Biosynthesis and Characterisation of Copper Nanoparticles Using Shewanella oneidensis: Application for Click Chemistry
Authors: Richard L. Kimber, Edward A. Lewis, Fabio Parmeggiani, Kurt Smith, Heath Bagshaw, Toby Starborg, Nimisha Joshi, Adriana I. Figueroa, Gerrit van der Laan, Giannantonio Cibin, Diego Gianolio, Sarah J. Haigh, Richard A. D. Pattrick, Nicholas J. Turner, Jonathan R. Lloyd
Publication Date: 23 January, 2018
Nature’s tiny nanotechnologists build new catalysts for the pharmaceutical industries
Copper nanoparticles play an important role in the chemical industries, catalysing the synthesis of a range of pharmaceutical compounds through ‘click’ chemistry’ reactions. However, there is a growing need to develop sustainable, affordable and green synthesis procedures for these important nanomaterials. To address this challenge, researchers at the University of Manchester have developed a novel, environmentally friendly biotechnological method for synthesising copper nanoparticles to drive such reactions. A specialist bacterium (Shewenalla oneidensis) was used, that usually survives in oxygen-depleted sediments by respiring (reducing) metals such as Fe(III) and Mn(IV). In this research, the bacterium was shown to transform soluble Cu(II) ions to reduced forms that precipitate as nanoscale Cu particles. The Cu nanoparticles remained attached to the bacterial cells and so can be easily recovered. These biosynthesised Cu nanoparticles were studied using a range of cutting-edge imaging and spectroscopy techniques, and then used successfully as catalysts for the archetypal click chemistry reaction, azide-alkyne cycloaddition; synthesising 1,2,3-triazoles which may form the basis of a range of new pharmaceutical compounds. This research demonstrates a novel, green method for producing copper nanoparticles, potentially from copper in wastewater streams, for use in the discovery and development of new pharmaceuticals.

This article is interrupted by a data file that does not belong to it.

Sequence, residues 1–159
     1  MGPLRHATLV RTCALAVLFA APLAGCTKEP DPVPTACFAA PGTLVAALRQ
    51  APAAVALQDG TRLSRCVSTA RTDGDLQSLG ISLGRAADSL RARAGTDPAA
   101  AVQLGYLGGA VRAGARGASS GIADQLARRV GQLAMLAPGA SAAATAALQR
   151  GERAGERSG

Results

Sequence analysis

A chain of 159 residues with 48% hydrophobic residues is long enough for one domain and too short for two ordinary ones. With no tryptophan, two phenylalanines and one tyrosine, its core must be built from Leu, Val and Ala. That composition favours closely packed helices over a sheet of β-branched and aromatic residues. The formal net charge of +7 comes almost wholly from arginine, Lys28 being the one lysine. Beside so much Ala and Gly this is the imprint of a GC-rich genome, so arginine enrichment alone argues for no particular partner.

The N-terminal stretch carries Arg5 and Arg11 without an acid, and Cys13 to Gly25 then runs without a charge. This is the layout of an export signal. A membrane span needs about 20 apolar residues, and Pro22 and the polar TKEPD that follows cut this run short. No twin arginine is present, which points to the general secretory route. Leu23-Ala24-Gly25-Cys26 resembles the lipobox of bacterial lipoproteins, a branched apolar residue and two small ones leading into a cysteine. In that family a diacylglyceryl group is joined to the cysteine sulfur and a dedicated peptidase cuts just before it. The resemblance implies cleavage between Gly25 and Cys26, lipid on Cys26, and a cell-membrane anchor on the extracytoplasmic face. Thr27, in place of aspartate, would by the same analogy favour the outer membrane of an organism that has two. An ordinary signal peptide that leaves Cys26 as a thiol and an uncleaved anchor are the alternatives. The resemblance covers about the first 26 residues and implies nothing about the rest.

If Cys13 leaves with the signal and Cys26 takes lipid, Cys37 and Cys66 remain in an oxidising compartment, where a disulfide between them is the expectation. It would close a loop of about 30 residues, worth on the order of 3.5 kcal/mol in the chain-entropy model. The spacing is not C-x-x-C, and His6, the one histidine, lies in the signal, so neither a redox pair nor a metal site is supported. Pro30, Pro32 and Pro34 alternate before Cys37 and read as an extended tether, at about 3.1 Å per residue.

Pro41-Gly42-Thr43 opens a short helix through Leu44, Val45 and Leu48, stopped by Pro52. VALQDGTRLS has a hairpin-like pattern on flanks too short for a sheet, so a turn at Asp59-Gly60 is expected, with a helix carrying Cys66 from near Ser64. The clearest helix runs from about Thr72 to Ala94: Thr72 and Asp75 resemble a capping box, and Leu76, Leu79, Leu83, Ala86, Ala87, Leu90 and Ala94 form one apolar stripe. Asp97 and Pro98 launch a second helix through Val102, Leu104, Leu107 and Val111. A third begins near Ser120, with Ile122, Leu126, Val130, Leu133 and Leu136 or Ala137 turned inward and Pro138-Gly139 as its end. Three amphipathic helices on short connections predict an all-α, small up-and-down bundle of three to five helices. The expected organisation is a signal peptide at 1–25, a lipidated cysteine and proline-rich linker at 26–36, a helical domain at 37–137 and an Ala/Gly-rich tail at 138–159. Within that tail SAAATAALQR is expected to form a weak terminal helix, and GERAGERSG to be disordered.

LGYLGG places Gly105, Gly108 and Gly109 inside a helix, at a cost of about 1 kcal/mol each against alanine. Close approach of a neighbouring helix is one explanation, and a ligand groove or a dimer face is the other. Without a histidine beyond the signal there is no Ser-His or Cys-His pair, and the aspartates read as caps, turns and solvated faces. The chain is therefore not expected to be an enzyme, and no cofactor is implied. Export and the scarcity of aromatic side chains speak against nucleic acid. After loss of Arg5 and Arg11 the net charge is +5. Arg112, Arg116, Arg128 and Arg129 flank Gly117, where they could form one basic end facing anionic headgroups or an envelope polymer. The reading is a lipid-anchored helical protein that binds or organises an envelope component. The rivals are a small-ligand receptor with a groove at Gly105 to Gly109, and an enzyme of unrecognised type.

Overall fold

- Click chemistry is a term introduced by K B Sharpless in 2001 used to describe reactions which are high-yielding, wide in scope, easy to perform, and can be can be conducted in benign solvents.
- The copper(I)-catalysed azide-alkyne cycloaddition reaction is a classic example of click chemistry, enabling efficient regioselective synthesis of triazoles under mild conditions.
- Many methods for Cu catalyst production require harsh chemicals and high temperatures. The biosynthesis of copper nanoparticle catalysts by naturally-occurring bacteria described in this work shares many of the same strict “green” criteria to those of click chemistry reactions.